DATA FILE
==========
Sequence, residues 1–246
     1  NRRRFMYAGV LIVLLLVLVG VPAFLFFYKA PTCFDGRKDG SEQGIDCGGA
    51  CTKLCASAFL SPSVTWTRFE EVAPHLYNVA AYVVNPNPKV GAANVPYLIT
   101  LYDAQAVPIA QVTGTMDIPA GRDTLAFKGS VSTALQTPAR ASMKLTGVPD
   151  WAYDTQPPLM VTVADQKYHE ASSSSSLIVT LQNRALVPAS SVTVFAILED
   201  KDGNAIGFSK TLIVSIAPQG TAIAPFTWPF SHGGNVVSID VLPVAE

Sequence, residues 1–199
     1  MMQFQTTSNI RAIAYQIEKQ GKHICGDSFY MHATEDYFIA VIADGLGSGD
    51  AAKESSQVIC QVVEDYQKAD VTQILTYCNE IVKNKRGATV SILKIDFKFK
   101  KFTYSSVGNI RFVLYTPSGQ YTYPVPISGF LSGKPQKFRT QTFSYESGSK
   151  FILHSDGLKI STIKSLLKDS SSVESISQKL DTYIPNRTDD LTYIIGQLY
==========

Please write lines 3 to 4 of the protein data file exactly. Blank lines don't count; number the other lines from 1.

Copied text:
    51  CTKLCASAFL SPSVTWTRFE EVAPHLYNVA AYVVNPNPKV GAANVPYLIT
   101  LYDAQAVPIA QVTGTMDIPA GRDTLAFKGS VSTALQTPAR ASMKLTGVPD